Tax season is in full swing, and by now your mail (or in) boxes have begun to be inundated with “IMPORTANT TAX DOCUMENTS ENCLOSED” correspondence.
For the newly retired, their first tax season after leaving the workforce may catch them a bit by surprise. They are used to receiving a paycheck from their company, and their employer usually helped them when it came withholding taxes from their earning (thanks to form W-4 elections).
Now in retirement, they have to create their own “paycheck,” consisting of a combination of Social Security benefits, pension income (for a lucky few) and/or retirement savings. Unfortunately in some cases, retirees may not be aware of the taxable impact each of these income sources has, nor realize that they are now responsible for calculating their own tax withholding needs.
To avoid surprises once retired, be sure to steer clear of these major tax mistakes.
1. Forgetting about taxes in the first place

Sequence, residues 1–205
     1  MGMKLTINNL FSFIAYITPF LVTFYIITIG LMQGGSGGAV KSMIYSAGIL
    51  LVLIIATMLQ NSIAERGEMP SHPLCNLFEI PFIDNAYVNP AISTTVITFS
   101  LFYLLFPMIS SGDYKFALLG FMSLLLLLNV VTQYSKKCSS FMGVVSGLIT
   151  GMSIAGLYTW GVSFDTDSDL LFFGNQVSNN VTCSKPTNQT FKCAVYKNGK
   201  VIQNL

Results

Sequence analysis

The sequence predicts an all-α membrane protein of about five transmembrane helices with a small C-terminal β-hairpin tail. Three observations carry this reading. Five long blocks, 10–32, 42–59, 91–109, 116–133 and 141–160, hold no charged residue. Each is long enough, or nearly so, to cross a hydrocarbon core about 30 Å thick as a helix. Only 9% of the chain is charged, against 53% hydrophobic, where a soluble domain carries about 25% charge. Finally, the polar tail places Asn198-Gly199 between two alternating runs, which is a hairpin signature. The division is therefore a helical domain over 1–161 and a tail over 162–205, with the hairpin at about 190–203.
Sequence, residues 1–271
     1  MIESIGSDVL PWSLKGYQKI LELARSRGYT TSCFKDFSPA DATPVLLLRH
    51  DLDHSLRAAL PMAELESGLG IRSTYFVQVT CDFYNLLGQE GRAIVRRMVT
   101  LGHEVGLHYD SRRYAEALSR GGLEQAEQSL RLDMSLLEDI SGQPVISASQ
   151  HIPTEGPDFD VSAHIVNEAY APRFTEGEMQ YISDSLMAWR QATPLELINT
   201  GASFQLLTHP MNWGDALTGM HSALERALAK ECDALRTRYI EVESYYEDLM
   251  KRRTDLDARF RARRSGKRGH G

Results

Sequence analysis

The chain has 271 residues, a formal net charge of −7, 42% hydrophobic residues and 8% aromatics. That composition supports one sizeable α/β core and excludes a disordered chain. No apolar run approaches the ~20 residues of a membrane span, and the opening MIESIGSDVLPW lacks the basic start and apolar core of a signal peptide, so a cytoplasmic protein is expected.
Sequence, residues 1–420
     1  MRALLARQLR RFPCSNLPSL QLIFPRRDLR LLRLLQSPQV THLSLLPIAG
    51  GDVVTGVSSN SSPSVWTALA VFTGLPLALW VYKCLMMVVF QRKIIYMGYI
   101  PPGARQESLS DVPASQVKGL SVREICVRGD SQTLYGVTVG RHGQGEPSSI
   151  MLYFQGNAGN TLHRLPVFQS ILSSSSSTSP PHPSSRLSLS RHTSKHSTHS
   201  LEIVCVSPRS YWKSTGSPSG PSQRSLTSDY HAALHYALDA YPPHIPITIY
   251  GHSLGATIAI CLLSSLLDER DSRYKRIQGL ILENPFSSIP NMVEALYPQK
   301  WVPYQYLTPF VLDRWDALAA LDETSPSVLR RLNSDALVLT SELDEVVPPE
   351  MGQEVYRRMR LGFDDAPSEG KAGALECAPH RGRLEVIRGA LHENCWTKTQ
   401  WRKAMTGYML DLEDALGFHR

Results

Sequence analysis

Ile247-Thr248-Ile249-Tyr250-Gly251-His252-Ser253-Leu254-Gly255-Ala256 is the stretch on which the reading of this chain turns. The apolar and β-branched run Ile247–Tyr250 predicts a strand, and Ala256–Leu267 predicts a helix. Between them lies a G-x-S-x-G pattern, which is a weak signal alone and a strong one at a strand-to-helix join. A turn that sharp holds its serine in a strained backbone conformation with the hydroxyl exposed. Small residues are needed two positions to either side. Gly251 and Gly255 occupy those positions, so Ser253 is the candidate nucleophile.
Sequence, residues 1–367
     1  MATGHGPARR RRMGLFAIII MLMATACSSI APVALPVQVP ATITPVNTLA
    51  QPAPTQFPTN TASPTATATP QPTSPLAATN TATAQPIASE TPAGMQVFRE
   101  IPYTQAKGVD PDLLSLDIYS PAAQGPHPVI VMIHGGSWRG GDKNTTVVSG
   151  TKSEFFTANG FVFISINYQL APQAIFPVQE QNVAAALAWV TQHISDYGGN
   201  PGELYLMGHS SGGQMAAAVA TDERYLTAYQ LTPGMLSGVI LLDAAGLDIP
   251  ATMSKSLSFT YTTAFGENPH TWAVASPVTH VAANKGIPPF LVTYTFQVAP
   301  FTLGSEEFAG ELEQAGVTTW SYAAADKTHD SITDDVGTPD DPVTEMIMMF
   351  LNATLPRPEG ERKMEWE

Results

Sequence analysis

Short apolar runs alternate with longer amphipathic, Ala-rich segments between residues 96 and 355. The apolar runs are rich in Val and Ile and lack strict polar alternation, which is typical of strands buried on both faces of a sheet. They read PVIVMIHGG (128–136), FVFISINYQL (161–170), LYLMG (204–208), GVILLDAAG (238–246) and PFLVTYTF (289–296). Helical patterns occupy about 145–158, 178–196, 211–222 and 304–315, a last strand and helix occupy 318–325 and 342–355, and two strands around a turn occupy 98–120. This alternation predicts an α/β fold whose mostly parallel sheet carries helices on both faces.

Though there are a number of tax breaks Opens a New Window. available to seniors, many are shocked to learn that some, or most, of their income is taxable in retirement. Take Social Security, for example. Seniors without much additional income typically don't pay federal taxes on their benefits, but if you have a healthy amount of extra income coming your way, you might be taxed on your Social Security payments. To see whether you'll pay taxes on Social Security, you'll need to calculate what's known as your provisional income as follows:
- Take your total income outside of Social Security
- Add in any tax-free interest you receive (such as municipal bond interest)
- Add in 50% of your Social Security benefit amount
If your total falls between $25,000 and $34,000 as a single filer or between $32,000 and $44,000 as a joint filer, you could be taxed on up to 50% of your Social Security benefits. Furthermore, if your provisional income exceeds $34,000 as a single filer or $44,000 as a joint filer, you could be taxed on up to 85% of your benefits.
In addition to federal taxes on Social Security, these 13 states tax benefits to some degree:
- New Mexico
- North Dakota
- Rhode Island
- West Virginia